The Degenerate Age

Have you noticed that philosophers, stoics, hermits, religious folks, true artists and so on always decry their own society as being a degenerate one? There is always this claim that some societies of yore were ideal, superior, and their cultures were richer. If you look into the philosophical canon, you’ll see this tendency starts with Plato (or Socrates) and Confucius–whom point to the courts of the philosopher kings of antiquity as the ideal societies of humanity. This grim critique continues on through to folks like Kierkegaard, Nietzsche and Heidegger–all of whom lament the impending industrial and capitalist drive thinning their European cultures and exponentially increasing the world population.

The spiritual movements of the late 19th century also saw this as important; the Blavatskys, Yeats and Crowleys of the world all used the gravitas and ethos of impending cultural, spiritual and environmental death to promote their works or groups. And even today, Buddhist lineages tell us we are living in the degenerate age, Christian fundamentalists insist the end of days are coming, and martial arts masters like Ueshiba and Hatsumi tell us we are living in “an era of blatancy” in which martial arts are more necessary than ever.

And honestly, you have to admit, that if you’re a remotely contemplative person, you have doubts about a positive future for mankind.

But why is that? Isn’t that really just some kind of personal spin? Some attachment that comes from a jaded search for purpose in one’s life, which relegates one to solitude? Because it seems to me, that in every single generation, there are a handful of individuals who lament the direction of the future; and instead of trying to harness its direction (a task which would take up all of one’s time for serious contemplation) they scorn the movement of mainstream culture and society.

To doubt society as a whole is easy; doubt is a potent altar to pray at. And even more so for anyone who studies liberal arts in colleges and so on. Those folks will find the main skills they’re learning are writing and how to critically analyze literature to form an argument. In other words, critical thinking. And critical thinking is certainly a helpful tool.

But a lot of people overdo it. A lot of people get attached to critical thought, or unknowingly enjoy it, hoard it, engross themselves in it. But it’s just a tool like anything else, and can easily overpower a person’s psyche. I’m not saying it’s bad to critically think things over, but it isn’t a recipe for any kind of happiness. And happiness isn’t a matter of being ignorant and blissful. It’s a matter of knowing what is worth critically analyzing, taming the mind and knowing when to stop analyzing things.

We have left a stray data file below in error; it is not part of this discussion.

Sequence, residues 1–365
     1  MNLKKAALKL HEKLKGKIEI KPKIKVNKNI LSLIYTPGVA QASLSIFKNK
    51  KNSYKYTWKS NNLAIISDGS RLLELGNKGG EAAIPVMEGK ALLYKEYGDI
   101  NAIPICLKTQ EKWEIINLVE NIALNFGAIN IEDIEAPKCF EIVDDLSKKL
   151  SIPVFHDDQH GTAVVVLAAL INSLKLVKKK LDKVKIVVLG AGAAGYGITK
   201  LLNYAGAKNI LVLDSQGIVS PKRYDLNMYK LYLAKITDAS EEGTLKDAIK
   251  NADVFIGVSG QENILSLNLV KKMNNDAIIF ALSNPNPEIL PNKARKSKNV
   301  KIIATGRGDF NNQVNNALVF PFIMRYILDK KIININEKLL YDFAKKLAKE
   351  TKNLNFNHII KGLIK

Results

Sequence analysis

I think this is part of what makes people so damning of the society around them. Don’t get me wrong, I do think pop culture sucks and I actually think most new culture is boring or I can’t relate to it. And this is largely because everything is now a product being aimed at the lowest common denominator. But this is the direction of things. The blatancy society has built within its culture is due to humanity’s ignorant desires–the desperate search for power, stability and self-deification, the result of which is a rapidly approaching evolution into transhumanism. Everybody helped create and shared in this ignorance. After all, we’re all human too (for better or for worse).

Although society disappoints me, and I have trouble putting a whole lot of faith in other people, I am much more bothered by conditioned phenomena. Conditioned phenomena inherently sucks, and that’s why every modern era seems to be poor and shallow in comparison to some old zeitgeist; some past time and place which seems so romantic in the present.

Just for fun, here’s a little Kierkegaard (from Either/Or) on the subject:

Of all ridiculous things in the world what strikes me as the most ridiculous of all is being busy in the world, to be a man quick to his meals and quick to his work. So when, at the crucial moment, I see a fly settle on such a business man’s nose, or he is bespattered by a carriage which passes him by in even greater haste, or the drawbridge is raised, or a tile falls from the roof and strikes him dead, I laugh from the bottom of my heart. And who could help laughing? For what do they achieve, these busy botchers? Are they not like the housewife who, in confusion at the fire in her house, saved the fire-tongs? What else do they salvage from the great fire of life?

It’s not like I disagree with him: he’s right on the money. But I’m pretty convinced that unconditioned reality is where it’s at. So I don’t spend a whole lot of free time dwelling on how lousy conditioned reality is. It is a given, after all…